Minnesota Twins

Is Byron Buxton finally for real this time?

CLEVELAND, OH - JUNE 23: Minnesota Twins center fielder Byron Buxton (25) digs for third base as he scored from second base on a single during the seventh inning of the Major League Baseball game between the Minnesota Twins and Cleveland Indians on June 23, 2017, at Progressive Field in Cleveland, OH. Minnesota defeated Cleveland 5-0. (Photo by Frank Jansky/Icon Sportswire)
(Frank Jansky/Icon Sportswire)

Once upon a time, Byron Buxton was the most highly touted prospect in baseball. Then, he made it to the major leagues.

Oh sure, his defense and baserunning were as advertised. His bat, however, was a disaster. In that first pass through the big club, he struck out nearly a third of the time with zero power and no ability to draw a walk. He posted a 53 wRC+ in 138 plate appearances.

The next year proved not much different, at least at first. GM Terry Ryan did Buxton no favors by sending him back down to Triple-A, but while with the Twins, Buxton struck out nearly 36 percent of the time. He generated slightly more power, but not much. By the time of his September call-up, he was carrying a 45 wRC+ in 218 plate appearances.

But then a funny thing happened: Buxton started hitting. He started hitting a lot. He hit nine home runs from Sept. 1 to the end of the season. He rocked a 165 wRC+ in 113 plate appearances. It appeared that Buxton had finally learned how to hit major league pitching.

Upon reflection, that September hot streak was built on a shaky edifice. Buxton was still striking in one of every three trips to the plate. He chased and whiffed way too much. His contact rate was abysmal. His raw Weighted On-Base Average (wOBA) was more than 100 points higher than his expected wOBA. That magical September was a mirage.

Buxton began 2017 right back where he started. He hit for a 59 wRC+ and struck out nearly 31 percent of the time in the first half. His xwOBA sat at a piddling .261. At the All-Star break, I speculated that we may have to accept that Buxton would forever be this type of hitter.

Suddenly, Buxton is breaking out. Since the All-Star break, he’s hit for a 165 wRC+. Eight balls have gone over the fence. His .323 isolated power percentage is gobsmacking, considering what Buxton once was. His extraordinary speed certainly helps to stretch singles into doubles–and doubles into triples–but the point is that Buxton is making the kind of contact that’s allowing him to get on base in the first place.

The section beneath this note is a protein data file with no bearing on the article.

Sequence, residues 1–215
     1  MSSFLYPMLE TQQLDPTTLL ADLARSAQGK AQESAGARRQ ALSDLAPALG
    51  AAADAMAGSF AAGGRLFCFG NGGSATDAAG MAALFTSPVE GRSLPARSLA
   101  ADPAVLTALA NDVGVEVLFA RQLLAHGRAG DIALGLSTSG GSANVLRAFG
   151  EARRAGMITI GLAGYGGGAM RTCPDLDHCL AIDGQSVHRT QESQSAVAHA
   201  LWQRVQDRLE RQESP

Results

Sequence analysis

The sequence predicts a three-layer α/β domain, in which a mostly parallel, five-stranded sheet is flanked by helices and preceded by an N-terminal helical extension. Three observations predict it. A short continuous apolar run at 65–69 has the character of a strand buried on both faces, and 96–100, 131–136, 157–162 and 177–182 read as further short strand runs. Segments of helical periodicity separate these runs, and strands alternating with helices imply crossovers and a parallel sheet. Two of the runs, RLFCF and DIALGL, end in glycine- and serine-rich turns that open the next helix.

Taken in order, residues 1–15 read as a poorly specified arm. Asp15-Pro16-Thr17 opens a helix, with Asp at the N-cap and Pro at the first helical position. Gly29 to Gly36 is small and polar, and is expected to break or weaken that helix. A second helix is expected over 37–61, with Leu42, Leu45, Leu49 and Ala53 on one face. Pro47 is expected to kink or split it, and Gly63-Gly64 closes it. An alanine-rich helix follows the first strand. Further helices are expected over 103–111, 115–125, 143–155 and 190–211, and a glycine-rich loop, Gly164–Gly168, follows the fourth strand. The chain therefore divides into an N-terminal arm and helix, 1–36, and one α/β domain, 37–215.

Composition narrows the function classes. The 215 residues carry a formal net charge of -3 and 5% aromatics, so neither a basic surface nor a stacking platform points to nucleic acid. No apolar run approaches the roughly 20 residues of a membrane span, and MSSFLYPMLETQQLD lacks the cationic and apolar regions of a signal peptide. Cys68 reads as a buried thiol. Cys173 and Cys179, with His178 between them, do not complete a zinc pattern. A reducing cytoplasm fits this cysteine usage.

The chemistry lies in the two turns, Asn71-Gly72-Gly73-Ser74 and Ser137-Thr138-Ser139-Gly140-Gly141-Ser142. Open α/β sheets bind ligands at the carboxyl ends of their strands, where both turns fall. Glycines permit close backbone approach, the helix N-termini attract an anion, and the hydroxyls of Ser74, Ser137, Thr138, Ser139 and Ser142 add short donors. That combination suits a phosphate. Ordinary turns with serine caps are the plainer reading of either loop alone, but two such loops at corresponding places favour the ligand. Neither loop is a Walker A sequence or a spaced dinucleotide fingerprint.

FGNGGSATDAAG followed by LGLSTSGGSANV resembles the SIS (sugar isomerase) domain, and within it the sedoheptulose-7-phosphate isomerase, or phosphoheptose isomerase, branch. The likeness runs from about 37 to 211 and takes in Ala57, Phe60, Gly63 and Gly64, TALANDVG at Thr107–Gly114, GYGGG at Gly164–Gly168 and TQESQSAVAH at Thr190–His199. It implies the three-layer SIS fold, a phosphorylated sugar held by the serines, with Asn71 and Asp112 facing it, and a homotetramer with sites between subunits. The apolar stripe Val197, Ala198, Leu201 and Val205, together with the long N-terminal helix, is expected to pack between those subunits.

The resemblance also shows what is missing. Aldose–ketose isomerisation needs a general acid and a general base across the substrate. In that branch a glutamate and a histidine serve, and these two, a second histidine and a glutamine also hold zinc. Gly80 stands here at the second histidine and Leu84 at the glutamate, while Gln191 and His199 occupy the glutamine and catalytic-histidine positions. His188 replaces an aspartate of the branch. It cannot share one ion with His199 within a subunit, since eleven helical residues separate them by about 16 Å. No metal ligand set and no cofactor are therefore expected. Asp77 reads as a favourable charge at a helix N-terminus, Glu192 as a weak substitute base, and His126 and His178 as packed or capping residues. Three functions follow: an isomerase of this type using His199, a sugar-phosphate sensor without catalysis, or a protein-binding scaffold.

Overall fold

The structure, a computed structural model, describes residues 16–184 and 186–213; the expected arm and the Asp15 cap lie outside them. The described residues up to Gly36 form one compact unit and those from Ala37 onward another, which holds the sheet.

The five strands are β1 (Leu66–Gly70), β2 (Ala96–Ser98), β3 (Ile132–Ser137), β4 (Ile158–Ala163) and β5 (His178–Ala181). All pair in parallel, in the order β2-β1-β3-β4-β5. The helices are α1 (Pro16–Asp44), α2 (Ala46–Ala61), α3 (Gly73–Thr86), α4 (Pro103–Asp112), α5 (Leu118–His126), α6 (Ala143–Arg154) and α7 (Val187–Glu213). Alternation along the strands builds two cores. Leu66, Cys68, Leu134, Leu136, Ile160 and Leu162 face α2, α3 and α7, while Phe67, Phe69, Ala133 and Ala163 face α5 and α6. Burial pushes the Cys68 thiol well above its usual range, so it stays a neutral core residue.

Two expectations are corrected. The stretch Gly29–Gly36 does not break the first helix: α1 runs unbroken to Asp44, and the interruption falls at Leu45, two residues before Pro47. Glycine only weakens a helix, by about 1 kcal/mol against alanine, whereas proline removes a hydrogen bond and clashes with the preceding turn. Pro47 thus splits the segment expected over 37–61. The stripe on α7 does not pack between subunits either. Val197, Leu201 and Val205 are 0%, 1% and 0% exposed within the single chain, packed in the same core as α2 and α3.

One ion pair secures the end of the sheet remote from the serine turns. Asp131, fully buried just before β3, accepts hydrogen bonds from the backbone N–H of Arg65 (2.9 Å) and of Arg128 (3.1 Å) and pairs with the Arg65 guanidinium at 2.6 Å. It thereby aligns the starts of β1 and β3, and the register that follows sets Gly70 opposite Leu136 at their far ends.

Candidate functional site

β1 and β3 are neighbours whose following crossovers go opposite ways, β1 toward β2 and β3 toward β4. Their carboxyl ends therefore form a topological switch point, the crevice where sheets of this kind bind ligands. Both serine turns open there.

Is this another mirage? Will Twins fans get excited to see Buxton finally arrive at the plate, only to see that hope turn to sand between their fingers? I’m not so sure. Buxton still had terrible contact and strikeout problems last September. It was his central flaw. His second half strikeout rate is a much more manageable 23.4 percent. His contact rate in that period is hovering around the league average. He’s still chasing and whiffing a bit too much, but not nearly at the level he was. Slowly but surely, Buxton is developing plate discipline.

His xwOBA has also jumped 55 points from the first half to the second. He’s getting the ball in the air more frequently and letting his legs do the rest. Put it all together, and Buxton may have found his groove.

There must be some grain of salt taken with all of this. For one, we’re only talking about 111 plate appearances. Buxton’s xwOBA-wOBA differential is roughly 100 points. His speed is doing some of that work, but there’s probably a fair share of luck mixed in there, too. A .373 average on balls in play would seem to confirm this.

And yet, the plate discipline can’t be ignored. The better contact can’t be ignored. If Buxton kept working on controlling the strike zone, could he eventually be a 100 wRC+ guy over the course of the season? It’s not out of the question.

This is the first time where real sunlight is starting to poke through the clouds hanging over Buxton’s bat. He hit three home runs on Sunday. He’s not letting pitchers beat him. He’s giving himself a fighting chance.

Buxton has been living under the clouds for too long. Maybe now, the sun will hang around a little while longer.

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